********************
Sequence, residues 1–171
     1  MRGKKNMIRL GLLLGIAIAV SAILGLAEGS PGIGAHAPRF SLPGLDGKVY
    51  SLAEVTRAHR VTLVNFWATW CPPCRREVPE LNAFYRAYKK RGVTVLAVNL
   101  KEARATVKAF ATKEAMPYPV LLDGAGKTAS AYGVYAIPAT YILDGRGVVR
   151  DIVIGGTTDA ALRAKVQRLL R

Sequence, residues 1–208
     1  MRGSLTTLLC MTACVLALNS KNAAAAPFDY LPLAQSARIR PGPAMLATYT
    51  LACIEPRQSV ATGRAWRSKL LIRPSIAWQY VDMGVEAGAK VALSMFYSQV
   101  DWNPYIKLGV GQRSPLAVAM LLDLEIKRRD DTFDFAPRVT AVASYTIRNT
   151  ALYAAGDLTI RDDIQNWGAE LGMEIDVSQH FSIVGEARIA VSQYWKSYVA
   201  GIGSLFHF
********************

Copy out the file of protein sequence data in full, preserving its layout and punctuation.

Sequence, residues 1–171
     1  MRGKKNMIRL GLLLGIAIAV SAILGLAEGS PGIGAHAPRF SLPGLDGKVY
    51  SLAEVTRAHR VTLVNFWATW CPPCRREVPE LNAFYRAYKK RGVTVLAVNL
   101  KEARATVKAF ATKEAMPYPV LLDGAGKTAS AYGVYAIPAT YILDGRGVVR
   151  DIVIGGTTDA ALRAKVQRLL R

Sequence, residues 1–208
     1  MRGSLTTLLC MTACVLALNS KNAAAAPFDY LPLAQSARIR PGPAMLATYT
    51  LACIEPRQSV ATGRAWRSKL LIRPSIAWQY VDMGVEAGAK VALSMFYSQV
   101  DWNPYIKLGV GQRSPLAVAM LLDLEIKRRD DTFDFAPRVT AVASYTIRNT
   151  ALYAAGDLTI RDDIQNWGAE LGMEIDVSQH FSIVGEARIA VSQYWKSYVA
   201  GIGSLFHF